Even if the concept, when properly understood, would have obvious utility in the analysis of the causes of and obstacles to economic growth and of the contribution foreign aid can make to growth, I am skeptical on principle that any single concept can serve as a ruling or dominant guide to the appropriate allotment of aid among different countries. The phenomenon of growth manifests itself in a great variety of ways and is the outcome of a large number of factors. Aid, moreover, is not and will not be granted with the sole consideration of supporting or promoting growth. It will be given to countries whose growth rate exceeds ours, and it will be given to countries which are not enjoying any per capita growth at all. It will be given as a reward for merit and effort and also in the hope of bringing merit and effort into existence. It will be given to friend and to foe, for strategic reasons and political reasons, in submission to blackmail and as bribe, and out of sheer humanity without any other genuine reason. The decisions will probably turn out to be sounder ones if they are based on consensus of preferences, on "judgment," on wide-ranging information, than if they are controlled by adherence to a formula, or an analytical model. Working rules, flexible through time and readily amenable to exceptions, reached by the coöperative effort of wise and dedicated men--that is the best that can be hoped for under prevailing circumstances in a problem like foreign aid.


The President's Message on the Balance of Payments impresses me as a sober, judicious and well-balanced appraisal of the problem and of the available and appropriate remedies. The problem is, of course, that we have had for a number of years running a balance of payments deficit, that in the past three years this deficit amounted in the aggregate to some $11 billion, and that in consequence there has been a substantial depletion of our gold reserves and increase of American short-term liabilities abroad. If we abstract from loss of confidence in the prospects of maintenance of the value of the dollar, there is no immediate danger of acute financial embarrassment. But no one has ground for assurance that the drain of gold will cease, or even diminish, in the absence of corrective measures, and our internationally liquid assets are no longer so abundant that we can afford to be complacent about further depletion of them.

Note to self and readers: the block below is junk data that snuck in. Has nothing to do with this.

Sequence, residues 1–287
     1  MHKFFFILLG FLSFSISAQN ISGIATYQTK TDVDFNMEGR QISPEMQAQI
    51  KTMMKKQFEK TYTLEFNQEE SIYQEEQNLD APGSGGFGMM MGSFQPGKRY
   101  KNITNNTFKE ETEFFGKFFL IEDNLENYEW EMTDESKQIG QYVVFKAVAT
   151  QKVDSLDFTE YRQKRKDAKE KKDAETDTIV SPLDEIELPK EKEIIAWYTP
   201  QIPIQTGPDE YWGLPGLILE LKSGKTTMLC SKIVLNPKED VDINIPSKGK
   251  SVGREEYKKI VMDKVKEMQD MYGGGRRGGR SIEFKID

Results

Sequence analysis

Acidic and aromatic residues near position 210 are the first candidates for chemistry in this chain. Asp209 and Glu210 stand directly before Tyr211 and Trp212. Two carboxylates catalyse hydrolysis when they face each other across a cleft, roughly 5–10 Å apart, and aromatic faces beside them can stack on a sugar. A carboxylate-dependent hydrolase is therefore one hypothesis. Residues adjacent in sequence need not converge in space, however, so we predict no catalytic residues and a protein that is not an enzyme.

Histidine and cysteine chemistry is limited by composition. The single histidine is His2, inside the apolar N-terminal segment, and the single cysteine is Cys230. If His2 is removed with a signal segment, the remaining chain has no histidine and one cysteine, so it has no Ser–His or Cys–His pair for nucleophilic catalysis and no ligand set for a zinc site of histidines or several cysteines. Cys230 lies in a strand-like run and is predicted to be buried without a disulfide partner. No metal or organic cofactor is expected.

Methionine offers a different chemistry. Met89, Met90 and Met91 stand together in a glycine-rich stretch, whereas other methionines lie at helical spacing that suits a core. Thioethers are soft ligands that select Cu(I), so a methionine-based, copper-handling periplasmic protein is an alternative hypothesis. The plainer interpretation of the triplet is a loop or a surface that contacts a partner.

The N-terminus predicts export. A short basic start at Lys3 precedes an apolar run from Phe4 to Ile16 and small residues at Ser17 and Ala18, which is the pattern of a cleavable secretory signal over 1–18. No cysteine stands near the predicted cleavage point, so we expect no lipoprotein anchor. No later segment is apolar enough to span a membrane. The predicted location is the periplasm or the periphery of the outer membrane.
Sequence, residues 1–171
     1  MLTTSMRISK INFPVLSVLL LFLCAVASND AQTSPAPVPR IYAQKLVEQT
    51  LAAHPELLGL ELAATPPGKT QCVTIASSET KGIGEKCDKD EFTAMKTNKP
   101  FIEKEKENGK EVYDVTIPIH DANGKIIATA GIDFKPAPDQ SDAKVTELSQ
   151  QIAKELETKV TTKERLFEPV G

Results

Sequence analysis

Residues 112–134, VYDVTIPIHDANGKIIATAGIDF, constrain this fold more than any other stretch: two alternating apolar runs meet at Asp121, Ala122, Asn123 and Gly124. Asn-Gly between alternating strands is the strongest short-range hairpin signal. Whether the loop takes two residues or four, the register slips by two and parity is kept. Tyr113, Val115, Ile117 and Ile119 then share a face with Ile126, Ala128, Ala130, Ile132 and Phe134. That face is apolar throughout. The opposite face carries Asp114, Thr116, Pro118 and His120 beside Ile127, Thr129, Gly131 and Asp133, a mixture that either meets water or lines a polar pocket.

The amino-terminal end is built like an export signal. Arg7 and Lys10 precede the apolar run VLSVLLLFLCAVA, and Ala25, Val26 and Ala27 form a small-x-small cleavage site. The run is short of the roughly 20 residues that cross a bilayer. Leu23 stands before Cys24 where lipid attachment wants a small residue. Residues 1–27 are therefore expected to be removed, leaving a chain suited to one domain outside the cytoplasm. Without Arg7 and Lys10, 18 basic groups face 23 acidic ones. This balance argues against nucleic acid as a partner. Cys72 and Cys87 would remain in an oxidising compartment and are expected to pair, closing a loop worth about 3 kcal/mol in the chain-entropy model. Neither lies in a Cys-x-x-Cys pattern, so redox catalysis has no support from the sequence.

It is regrettable that in a period of recession and of unemployment it is hard to find remedies for a balance-of-payments deficit that are not of themselves undesirable, long though the list of possible remedies is. We could, for example, reduce or eliminate the balance of payments deficit by reducing military expenditures abroad or foreign economic aid, or by raising import barriers, or by subsidizing exports, or by restricting American private capital exports abroad, or by preventing American tourists from going abroad. Some would say that we could restore equilibrium in the American balance of payments by depreciating the exchange value of the dollar, or by going off gold altogether and letting the dollar "find its level" on a free market, but this is a "remedy" which is less available to the United States than to any other country in the world, and even if available would, if used, remove perhaps the strongest restraint on inflation which operates in this country. As long as the United States shows concern for the stability of the internal purchasing power of the dollar, it has almost no power to manipulate downward the exchange value of the dollar in terms of other currencies, and must accept passively the pattern of exchange rates which other countries wish to maintain. In this respect small countries like Haiti have the maximum amount of freedom and the United States in particular, and Great Britain next, have the least degree of freedom.